Take the Vogue-approved tour of H.C. Andersen’s Odense

By Anna Clarke

Photo: VisitOdense

Follow in the footsteps of one of the world's most beloved authors – and get to know this charming Danish city

Besides lego, eye-wateringly stylishly designed furniture, and, er, bacon, one of Denmark’s biggest exports is pure make believe. More specifically, it’s a series of supremely charming – and forever relevant – fairy tales penned by one of the country’s, and perhaps the world’s, most well loved children’s authors: Hans Christian Andersen. From the ugly duckling to the little mermaid, Andersen’s magical worlds have charmed children and parents generation after generation. And still today, they act as inspiration fodder for contemporary tales such as Frozen, an adaptation of the Danish author’s The Snow Queen.


But long before the famed writer took himself off to the bright lights of the ‘big’ city Copenhagen, Andersen began life in more humble surroundings, living amongst the cobbled streets of idyllic and quintessential Odense, on the island of Funen.

Get to know the writer’s hometown better here and take our Vogue-approved H.C. Andersen tour of Odense:

His childhood home

First pause at Andersen’s birthplace and the very spot where his love of literature and writing really first took flight. Nestled in the heart of Odense, just a short walk from H.C. Andersen’s House is the author’s childhood home situated on Munkemøllestræde. Born to a shoe maker, Hans Andersen, and a laundress, Anne Marie Andersdatte, Andersen grew up in humble surroundings, living in one of the three small flats positioned here between 1807 and 1891.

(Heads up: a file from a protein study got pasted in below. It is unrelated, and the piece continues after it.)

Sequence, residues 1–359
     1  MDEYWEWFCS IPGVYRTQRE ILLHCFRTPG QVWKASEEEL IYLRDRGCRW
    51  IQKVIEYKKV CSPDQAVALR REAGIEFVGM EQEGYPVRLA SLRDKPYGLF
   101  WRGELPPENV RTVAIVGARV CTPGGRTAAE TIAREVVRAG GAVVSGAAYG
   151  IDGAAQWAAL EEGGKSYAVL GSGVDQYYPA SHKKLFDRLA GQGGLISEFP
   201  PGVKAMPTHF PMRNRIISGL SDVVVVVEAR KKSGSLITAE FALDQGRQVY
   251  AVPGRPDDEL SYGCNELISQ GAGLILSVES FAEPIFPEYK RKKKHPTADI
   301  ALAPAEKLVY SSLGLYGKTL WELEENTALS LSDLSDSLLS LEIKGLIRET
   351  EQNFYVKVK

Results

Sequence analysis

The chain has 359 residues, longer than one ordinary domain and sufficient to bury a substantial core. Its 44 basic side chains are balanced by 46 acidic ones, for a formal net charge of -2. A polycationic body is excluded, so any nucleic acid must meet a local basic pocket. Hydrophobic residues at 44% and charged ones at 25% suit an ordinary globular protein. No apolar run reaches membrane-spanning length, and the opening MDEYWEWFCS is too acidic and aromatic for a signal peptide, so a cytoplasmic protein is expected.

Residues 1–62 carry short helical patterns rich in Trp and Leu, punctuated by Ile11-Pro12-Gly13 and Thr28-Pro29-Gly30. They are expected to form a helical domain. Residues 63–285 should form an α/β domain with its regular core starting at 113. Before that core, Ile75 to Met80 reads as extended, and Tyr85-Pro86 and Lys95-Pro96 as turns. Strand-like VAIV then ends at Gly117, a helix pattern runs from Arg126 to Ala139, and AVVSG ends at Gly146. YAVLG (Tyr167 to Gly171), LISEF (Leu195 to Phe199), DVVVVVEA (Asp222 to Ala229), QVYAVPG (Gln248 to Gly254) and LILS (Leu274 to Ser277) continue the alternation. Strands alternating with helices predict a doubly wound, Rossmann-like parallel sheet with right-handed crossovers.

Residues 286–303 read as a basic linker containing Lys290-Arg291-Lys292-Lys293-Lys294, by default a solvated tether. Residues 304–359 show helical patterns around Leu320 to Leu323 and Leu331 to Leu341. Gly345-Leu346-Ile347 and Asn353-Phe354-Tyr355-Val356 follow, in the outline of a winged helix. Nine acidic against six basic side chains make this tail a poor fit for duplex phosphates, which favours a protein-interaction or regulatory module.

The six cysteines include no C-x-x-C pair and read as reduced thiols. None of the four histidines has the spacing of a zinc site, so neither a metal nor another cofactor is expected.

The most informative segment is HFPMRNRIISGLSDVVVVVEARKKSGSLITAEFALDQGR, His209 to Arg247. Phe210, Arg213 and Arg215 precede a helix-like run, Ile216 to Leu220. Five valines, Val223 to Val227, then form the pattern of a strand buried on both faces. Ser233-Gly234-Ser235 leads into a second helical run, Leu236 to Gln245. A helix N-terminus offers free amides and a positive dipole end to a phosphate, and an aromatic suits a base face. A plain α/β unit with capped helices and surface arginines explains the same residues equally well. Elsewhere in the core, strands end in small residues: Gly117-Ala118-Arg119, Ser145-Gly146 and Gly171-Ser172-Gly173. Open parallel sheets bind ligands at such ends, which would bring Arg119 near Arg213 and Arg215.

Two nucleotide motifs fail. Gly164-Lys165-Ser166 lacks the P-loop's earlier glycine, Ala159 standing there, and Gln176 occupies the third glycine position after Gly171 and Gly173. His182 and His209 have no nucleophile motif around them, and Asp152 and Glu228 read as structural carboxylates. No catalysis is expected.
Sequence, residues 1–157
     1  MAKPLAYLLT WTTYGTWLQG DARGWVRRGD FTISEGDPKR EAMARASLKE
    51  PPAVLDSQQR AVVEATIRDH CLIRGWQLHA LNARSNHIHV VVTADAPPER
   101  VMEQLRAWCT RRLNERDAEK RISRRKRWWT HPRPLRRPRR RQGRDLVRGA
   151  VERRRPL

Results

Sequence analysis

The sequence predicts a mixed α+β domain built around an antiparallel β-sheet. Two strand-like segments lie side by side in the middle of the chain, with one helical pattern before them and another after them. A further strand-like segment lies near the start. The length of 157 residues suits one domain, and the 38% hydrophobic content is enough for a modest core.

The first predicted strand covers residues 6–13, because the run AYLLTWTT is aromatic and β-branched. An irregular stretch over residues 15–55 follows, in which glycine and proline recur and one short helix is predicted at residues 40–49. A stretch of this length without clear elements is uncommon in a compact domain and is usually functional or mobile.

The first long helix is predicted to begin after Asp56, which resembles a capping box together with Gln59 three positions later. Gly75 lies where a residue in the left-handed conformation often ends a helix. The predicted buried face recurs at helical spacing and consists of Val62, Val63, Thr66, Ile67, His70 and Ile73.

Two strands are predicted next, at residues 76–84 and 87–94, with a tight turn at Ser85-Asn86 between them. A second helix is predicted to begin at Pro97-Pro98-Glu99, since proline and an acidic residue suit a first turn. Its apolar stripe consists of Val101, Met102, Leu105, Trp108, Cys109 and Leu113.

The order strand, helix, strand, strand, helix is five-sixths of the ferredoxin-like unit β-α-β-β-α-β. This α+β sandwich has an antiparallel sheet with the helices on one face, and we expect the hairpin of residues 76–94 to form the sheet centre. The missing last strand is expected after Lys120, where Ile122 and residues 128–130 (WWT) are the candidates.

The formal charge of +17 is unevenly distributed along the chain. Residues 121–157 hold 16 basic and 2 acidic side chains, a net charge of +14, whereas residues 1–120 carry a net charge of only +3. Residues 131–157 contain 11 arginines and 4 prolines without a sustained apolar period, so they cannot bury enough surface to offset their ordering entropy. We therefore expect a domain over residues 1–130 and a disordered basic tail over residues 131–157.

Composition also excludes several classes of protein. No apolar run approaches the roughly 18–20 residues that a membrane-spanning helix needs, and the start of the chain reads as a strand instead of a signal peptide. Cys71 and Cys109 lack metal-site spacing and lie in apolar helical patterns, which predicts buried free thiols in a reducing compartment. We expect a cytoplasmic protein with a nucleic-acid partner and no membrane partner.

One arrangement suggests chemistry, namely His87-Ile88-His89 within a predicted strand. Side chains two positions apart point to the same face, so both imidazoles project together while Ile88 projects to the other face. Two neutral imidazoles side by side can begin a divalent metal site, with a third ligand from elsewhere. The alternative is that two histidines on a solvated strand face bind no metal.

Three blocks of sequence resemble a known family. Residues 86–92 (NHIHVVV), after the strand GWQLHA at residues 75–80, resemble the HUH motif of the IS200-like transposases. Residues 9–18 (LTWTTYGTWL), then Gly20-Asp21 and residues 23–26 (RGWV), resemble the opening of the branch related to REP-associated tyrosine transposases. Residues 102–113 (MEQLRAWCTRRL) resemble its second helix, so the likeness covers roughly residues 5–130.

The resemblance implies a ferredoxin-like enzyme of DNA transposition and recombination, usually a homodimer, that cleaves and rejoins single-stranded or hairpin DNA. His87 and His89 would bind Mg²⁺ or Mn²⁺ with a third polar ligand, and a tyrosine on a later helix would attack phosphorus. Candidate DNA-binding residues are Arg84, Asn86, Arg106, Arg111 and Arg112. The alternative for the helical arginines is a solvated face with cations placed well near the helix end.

It is thought that as a little one with a wide imagination, Andersen regularly sat pondering in the small garden behind the house, with just one gooseberry bush for inspiration. The house has since transformed into a museum and visitors can peruse his original texts, including diary excerpts and manuscripts and view a selection of the rooms as they once were.

Photo: H.C. Andersen’s House

Comwell H.C. Andersen Odense

You can extend your H.C. Andersen excursions round the clock by staying at the brilliantly located Comwell H.C. Andersen Odense Dolce by Wyndham situated in Odense’s city centre, a stone’s throw away from the railway station. Walking up to the entrance of the hotel, visitors are greeted by a whimsical life size iron sculpture of the writer sitting on a bench, complete with top hat and cloak – the perfect spot to refresh your readings of his. And after a busy day exploring the city, you can satiate yourself in the impeccably designed restaurant which serves seasonable and fresh, locally-sourced from producers in Funen itself, including veal from Grambogård and local fish.

And if you find yourself in Odense for anything other than pleasure (it happens) then there’s the option of utilising the hotel’s state-of-the-art conference rooms and exhibition space, along with their free co-working space, so you don’t have to feel cramped working from bed or a cafe. And after work, if you need to brush away the cobwebs, the hotel not only boasts a fitness space, but has even created a number of bespoke running courses for guests to enjoy. So those of you who are raring to get out into the great outdoors and get the heart rate up, this is just the place.

Photo: Comwell Hotels

Photo: Comwell Hotels

Photo: Comwell Hotels

Hans Christian Andersen House

Situated in the quaint historical quarter of the city, sits a contemporary ode to all things Andersen. Focussing on his vast and much cherished fairy tale collection, the 5,600 square metre museum, designed by renowned Japanese architect Kengo Kuma explores Andersen’s tall tales through 12 works of both Scandinavian and overseas artists.

Through multiple mediums including art, song, design and light, visitors can interpret the writer and his words in thrilling new ways. Among the 12 creatives is the Brazilian artist, Henrique Oliveira, who has specially created a wooden sculpture based around the Tinder-Box, while Danish composer Louise Alenius has penned a series of new pieces, including the Little Mermaid and the Ugly Duckling, opening up the Andersen universe for all to interpret.